So, the first rule of the current game is to follow the Fed-driven liquidity tide, as it will power markets through valuation changes that overwhelm earnings growth. The Fed has signaled that in 2020 it will keep the liquidity tide high and supportive of valuation. Global liquidity should also support faster global growth. Thus, the big change in 2020 is that investors should enjoy both liquidity-driven valuation support and earnings. With the two classic drivers of stocks in place, markets are very much embracing risk as 2020 begins, and you cannot rule out that we could get a late-cycle melt up in the market’s favored sectors: large-cap tech, semiconductors and low-volatility defensive stocks.

Which leads to the second rule of the current game: the liquidity tide doesn’t lift all boats. There has been a huge divide between winners and losers this cycle. This divide is accelerating as price momentum has been amplified by passive flows that ignore fundamentals and valuation. The aggregate multiple change between Alexion and Apple stocks in 2019 alone was almost 100%! As a result, good relative performance increasingly requires surfing the most crowded waves. We fully recognize we have the choice to move closer to the index, and we have stuck with some index darlings, like Microsoft. We are also constantly looking for opportunities across the market, including in the boats flattered by Fed liquidity. However, we will not sacrifice our investment discipline and are making an active choice to stick with stocks where embedded expectations are well below their current fundamentals and long-term potential.

A late-cycle melt up would bring risk of poor relative performance, but we are more concerned with the absolute risks to investor capital that are growing beneath the Fed liquidity tide. The main risk is a classic debt cycle, as we keep adding more debt relative to the overall economy with each market cycle. As a result, during every down cycle ground zero for the crisis is typically where the most debt gets added. This cycle it is in U.S. corporate and government debt. On the corporate side, BBB-rated debt has tripled since the Great Financial Crisis to almost 12% of GDP and could prove to be a major issue as this debt is downgraded to junk during the next downturn (Exhibit 3). This abundance of corporate debt has fed potential excesses in private equity and sustained some business models that will not be able to endure a higher cost of capital. The debacle with WeWork is the most dramatic recent example of this dynamic.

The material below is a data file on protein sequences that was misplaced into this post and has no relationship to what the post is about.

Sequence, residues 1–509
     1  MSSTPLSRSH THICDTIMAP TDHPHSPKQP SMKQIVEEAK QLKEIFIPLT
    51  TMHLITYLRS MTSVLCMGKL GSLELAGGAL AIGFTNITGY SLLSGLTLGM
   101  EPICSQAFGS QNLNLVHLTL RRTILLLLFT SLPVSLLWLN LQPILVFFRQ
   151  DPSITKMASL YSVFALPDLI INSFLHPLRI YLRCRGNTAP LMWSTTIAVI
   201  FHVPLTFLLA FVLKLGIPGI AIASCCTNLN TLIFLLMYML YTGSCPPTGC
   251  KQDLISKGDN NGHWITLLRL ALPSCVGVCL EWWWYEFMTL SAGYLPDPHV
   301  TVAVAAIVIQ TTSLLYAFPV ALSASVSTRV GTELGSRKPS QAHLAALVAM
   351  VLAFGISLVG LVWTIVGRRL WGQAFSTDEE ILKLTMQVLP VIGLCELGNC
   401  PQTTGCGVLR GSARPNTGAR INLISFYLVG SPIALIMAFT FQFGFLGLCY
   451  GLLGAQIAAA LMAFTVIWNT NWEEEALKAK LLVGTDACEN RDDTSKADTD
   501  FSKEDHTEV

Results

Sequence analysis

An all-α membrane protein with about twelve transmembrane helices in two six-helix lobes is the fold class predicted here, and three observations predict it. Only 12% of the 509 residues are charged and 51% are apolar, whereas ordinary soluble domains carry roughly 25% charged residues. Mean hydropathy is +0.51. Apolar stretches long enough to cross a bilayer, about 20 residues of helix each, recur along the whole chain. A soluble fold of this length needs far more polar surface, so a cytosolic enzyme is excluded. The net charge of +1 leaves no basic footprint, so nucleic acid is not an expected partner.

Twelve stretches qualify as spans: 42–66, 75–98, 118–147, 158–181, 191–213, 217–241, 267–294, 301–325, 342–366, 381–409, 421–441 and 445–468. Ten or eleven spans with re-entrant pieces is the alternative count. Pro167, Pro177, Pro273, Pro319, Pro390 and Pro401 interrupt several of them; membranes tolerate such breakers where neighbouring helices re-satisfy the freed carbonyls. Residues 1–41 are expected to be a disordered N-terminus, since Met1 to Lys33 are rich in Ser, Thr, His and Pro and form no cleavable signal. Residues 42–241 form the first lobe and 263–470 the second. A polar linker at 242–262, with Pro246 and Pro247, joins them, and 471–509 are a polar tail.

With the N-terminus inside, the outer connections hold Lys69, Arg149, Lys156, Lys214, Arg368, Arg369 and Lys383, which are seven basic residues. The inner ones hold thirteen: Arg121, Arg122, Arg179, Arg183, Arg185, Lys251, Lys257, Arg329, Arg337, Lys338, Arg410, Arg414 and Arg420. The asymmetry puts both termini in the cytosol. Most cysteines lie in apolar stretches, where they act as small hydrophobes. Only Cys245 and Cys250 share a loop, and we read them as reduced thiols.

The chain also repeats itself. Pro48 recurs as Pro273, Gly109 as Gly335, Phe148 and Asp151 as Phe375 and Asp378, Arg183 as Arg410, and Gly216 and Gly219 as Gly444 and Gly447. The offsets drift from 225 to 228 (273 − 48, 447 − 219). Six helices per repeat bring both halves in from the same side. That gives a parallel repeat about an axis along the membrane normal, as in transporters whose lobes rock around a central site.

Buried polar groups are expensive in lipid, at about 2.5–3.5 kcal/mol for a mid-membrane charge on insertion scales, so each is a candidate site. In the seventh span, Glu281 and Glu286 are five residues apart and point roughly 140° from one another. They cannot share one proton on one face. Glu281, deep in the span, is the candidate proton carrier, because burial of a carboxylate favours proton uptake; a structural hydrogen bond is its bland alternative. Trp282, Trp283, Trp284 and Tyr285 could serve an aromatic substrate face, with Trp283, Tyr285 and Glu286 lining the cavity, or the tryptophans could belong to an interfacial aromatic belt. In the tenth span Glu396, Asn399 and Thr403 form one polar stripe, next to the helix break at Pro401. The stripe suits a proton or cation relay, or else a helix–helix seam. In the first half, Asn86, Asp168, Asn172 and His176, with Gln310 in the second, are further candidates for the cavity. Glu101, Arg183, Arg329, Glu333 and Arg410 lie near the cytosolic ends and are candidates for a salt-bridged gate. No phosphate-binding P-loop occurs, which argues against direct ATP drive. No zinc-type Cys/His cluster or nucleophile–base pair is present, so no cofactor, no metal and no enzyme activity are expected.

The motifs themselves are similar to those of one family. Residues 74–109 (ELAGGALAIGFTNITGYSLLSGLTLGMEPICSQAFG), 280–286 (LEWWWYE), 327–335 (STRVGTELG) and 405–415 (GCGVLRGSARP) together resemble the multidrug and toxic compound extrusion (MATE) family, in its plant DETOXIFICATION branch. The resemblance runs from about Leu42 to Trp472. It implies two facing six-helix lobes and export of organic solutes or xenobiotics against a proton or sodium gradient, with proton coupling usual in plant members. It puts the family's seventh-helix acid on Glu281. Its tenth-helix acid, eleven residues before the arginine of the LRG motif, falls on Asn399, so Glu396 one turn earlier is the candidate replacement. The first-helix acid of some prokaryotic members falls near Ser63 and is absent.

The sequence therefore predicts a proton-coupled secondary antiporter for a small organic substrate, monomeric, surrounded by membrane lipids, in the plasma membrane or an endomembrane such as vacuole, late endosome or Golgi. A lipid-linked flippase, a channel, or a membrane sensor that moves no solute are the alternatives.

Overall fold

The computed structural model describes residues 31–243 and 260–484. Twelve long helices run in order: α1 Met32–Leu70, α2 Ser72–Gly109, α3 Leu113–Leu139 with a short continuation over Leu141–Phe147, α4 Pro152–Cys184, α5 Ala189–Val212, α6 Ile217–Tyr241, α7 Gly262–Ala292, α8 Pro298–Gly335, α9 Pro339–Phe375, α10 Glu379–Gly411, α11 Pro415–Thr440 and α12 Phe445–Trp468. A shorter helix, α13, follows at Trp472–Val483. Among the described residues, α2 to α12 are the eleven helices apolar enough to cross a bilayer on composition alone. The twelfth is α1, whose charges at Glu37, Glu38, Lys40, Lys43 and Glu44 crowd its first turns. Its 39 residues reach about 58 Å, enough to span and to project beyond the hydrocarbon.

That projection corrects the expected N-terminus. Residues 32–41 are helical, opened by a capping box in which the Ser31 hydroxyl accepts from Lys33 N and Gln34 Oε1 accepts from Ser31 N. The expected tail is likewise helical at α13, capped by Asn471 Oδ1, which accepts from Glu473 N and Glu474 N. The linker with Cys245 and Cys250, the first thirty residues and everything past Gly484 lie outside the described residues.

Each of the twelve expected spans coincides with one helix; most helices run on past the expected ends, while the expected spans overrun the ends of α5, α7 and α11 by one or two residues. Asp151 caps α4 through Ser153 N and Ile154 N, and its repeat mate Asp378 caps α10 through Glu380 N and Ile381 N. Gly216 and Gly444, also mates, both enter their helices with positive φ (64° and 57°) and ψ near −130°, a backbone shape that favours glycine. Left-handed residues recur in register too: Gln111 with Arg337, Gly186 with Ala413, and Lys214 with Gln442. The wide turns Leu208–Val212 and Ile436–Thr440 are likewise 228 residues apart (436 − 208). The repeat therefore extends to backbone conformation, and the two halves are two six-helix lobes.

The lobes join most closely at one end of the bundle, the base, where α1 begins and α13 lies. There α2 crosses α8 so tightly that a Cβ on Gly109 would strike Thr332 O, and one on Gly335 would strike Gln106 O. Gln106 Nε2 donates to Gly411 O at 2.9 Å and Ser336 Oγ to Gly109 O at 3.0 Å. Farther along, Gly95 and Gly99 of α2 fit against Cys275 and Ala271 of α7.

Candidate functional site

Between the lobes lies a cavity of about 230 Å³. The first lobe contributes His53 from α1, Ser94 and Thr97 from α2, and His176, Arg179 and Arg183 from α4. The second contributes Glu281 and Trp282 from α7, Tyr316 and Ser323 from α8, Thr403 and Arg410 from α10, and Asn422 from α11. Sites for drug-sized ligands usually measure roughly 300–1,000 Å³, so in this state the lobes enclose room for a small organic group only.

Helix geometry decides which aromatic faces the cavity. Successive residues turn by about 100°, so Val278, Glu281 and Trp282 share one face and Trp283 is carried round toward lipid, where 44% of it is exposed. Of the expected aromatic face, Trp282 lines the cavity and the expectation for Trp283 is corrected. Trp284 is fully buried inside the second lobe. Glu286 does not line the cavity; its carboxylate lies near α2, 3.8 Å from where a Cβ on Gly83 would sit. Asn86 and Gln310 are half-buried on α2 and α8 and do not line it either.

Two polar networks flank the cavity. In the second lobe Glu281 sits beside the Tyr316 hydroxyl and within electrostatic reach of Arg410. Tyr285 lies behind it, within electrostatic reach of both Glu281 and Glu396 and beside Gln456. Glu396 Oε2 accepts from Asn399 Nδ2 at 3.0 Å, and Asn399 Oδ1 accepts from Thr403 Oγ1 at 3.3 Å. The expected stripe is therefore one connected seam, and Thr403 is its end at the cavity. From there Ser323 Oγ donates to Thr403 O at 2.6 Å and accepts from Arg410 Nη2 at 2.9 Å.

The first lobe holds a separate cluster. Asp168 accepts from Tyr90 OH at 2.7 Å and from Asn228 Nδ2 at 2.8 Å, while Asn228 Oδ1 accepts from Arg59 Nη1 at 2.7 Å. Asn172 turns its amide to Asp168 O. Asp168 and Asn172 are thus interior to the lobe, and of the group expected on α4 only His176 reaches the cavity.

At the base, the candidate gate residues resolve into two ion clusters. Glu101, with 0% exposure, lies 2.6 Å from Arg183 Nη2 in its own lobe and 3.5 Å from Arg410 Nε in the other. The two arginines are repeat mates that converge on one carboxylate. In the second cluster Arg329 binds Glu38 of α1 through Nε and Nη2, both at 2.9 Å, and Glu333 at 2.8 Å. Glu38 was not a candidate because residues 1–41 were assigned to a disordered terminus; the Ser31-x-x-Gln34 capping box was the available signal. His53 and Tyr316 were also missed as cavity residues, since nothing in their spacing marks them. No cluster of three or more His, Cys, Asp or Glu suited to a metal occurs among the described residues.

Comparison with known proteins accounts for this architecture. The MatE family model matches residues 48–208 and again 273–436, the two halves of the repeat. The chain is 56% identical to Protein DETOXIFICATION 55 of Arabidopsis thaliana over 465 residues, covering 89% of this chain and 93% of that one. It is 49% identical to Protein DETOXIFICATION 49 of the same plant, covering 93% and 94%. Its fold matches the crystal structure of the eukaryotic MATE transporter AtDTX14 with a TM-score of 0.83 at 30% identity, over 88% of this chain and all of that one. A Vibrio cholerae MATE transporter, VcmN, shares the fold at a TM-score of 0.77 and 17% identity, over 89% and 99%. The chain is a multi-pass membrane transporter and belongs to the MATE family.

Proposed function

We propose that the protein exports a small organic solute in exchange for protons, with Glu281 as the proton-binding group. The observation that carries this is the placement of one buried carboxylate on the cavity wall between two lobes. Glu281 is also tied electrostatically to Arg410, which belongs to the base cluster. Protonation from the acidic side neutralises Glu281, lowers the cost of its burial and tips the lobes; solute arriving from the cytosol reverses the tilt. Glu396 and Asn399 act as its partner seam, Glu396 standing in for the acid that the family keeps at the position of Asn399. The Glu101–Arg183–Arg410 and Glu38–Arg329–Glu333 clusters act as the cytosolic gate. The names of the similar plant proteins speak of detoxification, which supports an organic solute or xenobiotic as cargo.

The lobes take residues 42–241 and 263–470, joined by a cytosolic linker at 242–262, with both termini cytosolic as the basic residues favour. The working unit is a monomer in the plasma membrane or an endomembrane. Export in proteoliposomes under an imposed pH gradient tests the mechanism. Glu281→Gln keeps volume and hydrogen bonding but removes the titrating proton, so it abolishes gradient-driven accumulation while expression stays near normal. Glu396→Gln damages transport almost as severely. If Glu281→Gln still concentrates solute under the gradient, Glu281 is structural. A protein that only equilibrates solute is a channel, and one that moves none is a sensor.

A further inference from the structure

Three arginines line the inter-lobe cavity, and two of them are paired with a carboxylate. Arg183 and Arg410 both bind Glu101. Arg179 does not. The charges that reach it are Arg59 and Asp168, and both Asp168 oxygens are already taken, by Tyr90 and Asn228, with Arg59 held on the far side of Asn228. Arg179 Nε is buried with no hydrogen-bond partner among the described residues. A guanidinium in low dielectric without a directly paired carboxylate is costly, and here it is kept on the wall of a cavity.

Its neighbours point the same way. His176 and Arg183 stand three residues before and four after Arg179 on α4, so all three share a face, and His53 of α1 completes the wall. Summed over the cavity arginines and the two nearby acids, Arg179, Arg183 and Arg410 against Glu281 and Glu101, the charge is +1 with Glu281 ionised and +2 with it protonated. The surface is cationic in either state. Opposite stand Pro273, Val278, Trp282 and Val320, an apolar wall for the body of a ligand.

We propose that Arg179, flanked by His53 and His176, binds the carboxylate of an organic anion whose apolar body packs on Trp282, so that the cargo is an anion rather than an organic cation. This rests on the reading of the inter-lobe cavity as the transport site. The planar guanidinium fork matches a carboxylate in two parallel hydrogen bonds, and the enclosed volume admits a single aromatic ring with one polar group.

Exhibit 3: BBB Debt has Tripled since the Great Financial Crisis

As of Dec. 31, 2019. Source: ClearBridge Investments, Bloomberg LP.

The question, of course, is what could trigger a problem? The Fed’s about-face in 2019 clearly demonstrates that it has the debt market’s back, but our biggest concern is that with monetary and fiscal policy both targeting reflation and faster growth we may get higher rates as inflationary expectations start to rise. This risk may seem remote, but 2018 clearly demonstrated that the global economy and risk markets will not smoothly transition to higher interest rates and lower liquidity. For now, the Fed’s turn has given a green light to surfing risk waves, but big wave surfing is dangerous. Especially when the waves are increasingly crowded.

Sam Peters, CFA

Portfolio Manager
28 Years experience
16 Years at ClearBridge

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  • All opinions and data included in this commentary are as of the publication date and are subject to change. The opinions and views expressed herein are of the author and may differ from other portfolio managers or the firm as a whole, and are not intended to be a forecast of future events, a guarantee of future results or investment advice. This information should not be used as the sole basis to make any investment decision. The statistics have been obtained from sources believed to be reliable, but the accuracy and completeness of this information cannot be guaranteed. Neither ClearBridge Investments, LLC  nor its information providers are responsible for any damages or losses arising from any use of this information. 

  • Past performance is no guarantee of future results.